I was the guy who had to wait to see Moneyball when it actually opened in theaters, so I came in post-hype. I’d scanned reviews written by people I know, like, and respect, and the predictability of the reviews upset me. The movie seemed to have people digging into trenches long abandoned. Some proclaimed the film's mere existence was some sort of victory for sabermetrics. Detractors reminded everyone that Beane didn't win a World Series, but conveniently forgot that many of his processes, once iconoclastic, are now in every front office—including in those that have won titles with the ideas and philosophies originated in Oakland.
Still, I didn't know what to expect. I do this for a living. While I don't work in a front office, I like to think I have a decent idea of how things work in one. The Athletics were the first team I was ever assigned in my Baseball America days, so I've gotten to know many of the people I would see portrayed on the silver screen. Willing suspension of disbelief is an early part of any Film 101 class, but this was going to be difficult.
Then there was the origin of the film itself. I was fascinated—if not downright excited—about Steven Soderbergh’s original idea for the movie, a post-modern, hyper-real filming plan with the central characters playing themselves. Instead, it turned into an Aaron Sorkin device. Sorkin, while extremely talented in the ways of dialogue, is about as edgy as a Nerf ball and has more than a little Brandon Morrow in him—he's as capable of throwing an unforgettable one-hitter as he is of losing control of his stuff and needing to be pulled in the third. Hiring Bennett Miller—whose previous film, Capote, was itself a compelling character study about a man doing things his own way—made up for the watered-down concept.
The movie is ostensibly about baseball, and the baseball segments are entertaining, albeit woefully inaccurate. That's just part of making movies. I began explaining the inaccuracies to my girlfriend once we stepped out of the theater, and by the time we got home, I still wasn't done. From hirings to firings to various front-office machinations—including the role and attitude of scouts—the producers favored mass-market entertainment over reality. While that's understandable, it was still hard to leave the film knowing that people think this is how it really happened. As a baseball movie, Moneyball is well-executed. As a realistic portrayal of how things actually went down, it's laughable, but again, that's my problem, my own inability to suspend disbelief. My girlfriend, who has absolutely no interest in baseball, enjoyed the film, and that probably says everything important to the filmmakers.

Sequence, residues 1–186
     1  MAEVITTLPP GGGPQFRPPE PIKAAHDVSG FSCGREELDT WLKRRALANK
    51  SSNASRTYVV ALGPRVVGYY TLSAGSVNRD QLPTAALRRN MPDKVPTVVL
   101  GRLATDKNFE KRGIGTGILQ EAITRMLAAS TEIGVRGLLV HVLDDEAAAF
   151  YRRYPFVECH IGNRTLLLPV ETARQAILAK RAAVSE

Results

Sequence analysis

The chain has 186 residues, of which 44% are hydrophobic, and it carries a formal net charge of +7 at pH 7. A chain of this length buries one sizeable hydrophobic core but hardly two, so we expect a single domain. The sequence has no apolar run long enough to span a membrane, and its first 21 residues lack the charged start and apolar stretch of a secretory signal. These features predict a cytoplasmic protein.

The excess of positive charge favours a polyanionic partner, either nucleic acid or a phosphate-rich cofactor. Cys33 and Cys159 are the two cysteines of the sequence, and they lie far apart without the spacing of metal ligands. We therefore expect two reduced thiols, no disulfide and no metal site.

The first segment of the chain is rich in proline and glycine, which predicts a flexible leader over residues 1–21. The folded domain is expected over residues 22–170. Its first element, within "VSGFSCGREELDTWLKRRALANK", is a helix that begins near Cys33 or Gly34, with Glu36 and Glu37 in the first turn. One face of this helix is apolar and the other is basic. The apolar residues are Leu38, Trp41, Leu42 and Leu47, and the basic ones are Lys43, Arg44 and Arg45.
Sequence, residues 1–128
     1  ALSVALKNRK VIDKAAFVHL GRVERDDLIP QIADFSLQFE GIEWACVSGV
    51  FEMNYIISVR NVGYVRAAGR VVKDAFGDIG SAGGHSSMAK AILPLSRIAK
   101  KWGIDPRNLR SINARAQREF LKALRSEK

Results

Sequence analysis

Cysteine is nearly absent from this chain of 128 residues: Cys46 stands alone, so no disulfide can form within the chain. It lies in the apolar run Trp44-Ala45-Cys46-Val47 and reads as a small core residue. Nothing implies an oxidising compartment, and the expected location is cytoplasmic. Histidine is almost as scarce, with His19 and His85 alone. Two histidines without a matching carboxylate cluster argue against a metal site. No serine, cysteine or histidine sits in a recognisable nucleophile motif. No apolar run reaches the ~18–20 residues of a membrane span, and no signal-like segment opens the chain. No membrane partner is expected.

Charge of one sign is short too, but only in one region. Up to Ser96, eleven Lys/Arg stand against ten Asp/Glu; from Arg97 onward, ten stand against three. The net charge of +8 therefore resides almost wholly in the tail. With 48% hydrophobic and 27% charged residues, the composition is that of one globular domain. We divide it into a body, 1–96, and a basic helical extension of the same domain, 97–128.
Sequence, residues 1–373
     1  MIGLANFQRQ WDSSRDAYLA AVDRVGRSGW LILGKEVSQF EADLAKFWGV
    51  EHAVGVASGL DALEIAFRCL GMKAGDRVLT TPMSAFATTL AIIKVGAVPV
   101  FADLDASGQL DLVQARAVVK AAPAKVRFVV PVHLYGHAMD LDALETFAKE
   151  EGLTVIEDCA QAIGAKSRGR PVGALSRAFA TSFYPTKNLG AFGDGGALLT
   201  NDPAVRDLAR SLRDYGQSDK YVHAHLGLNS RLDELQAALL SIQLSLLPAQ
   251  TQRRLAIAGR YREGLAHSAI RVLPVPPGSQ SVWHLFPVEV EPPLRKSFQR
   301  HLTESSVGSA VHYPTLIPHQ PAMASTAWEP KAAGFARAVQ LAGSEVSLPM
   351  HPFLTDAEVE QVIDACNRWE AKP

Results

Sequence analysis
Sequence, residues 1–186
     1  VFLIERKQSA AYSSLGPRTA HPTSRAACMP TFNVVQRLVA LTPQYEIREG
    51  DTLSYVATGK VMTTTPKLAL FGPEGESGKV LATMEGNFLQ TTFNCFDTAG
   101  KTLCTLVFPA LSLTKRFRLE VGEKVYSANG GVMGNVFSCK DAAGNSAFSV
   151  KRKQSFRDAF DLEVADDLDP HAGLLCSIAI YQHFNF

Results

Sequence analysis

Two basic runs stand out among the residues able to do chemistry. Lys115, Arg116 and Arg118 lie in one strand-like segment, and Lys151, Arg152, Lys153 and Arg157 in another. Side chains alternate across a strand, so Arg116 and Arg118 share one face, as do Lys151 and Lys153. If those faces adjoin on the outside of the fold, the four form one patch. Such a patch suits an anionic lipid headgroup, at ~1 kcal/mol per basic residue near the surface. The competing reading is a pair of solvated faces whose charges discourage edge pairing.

Unfortunately, even when judged solely as entertainment, the movie sometimes falls flat. Just like Moneyball, there are market inefficiencies to exploit in the entertainment business, and unfortunately, that means ways to worsen the film while expanding the audience. The writers couldn't make Beane talk like Beane does, because that would mean an R rating, and R ratings equal less money. More importantly, they couldn't just make a baseball film. One could almost imagine a scene straight out of Robert Altman's remarkable industry takedown, The Player, with a film executive in a $3,000 suit insisting that the story needs a heart. Sorkin and Steven Zaillian headed to the Hollywood cliché scrapyard to dig up the storyline of Beane's relationship with his daughter, who is written as one of those utterly adorable, insanely wise and mature little girls that I'm sure had the producers cursing the fact that Dakota Fanning actually had to age.